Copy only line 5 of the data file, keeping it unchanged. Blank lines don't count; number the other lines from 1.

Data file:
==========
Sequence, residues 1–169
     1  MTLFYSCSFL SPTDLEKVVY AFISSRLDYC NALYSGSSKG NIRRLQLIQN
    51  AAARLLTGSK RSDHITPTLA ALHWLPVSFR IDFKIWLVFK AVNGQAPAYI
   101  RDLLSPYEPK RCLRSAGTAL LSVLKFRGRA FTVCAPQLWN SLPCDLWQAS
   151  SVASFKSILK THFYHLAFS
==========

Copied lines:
   151  SVASFKSILK THFYHLAFS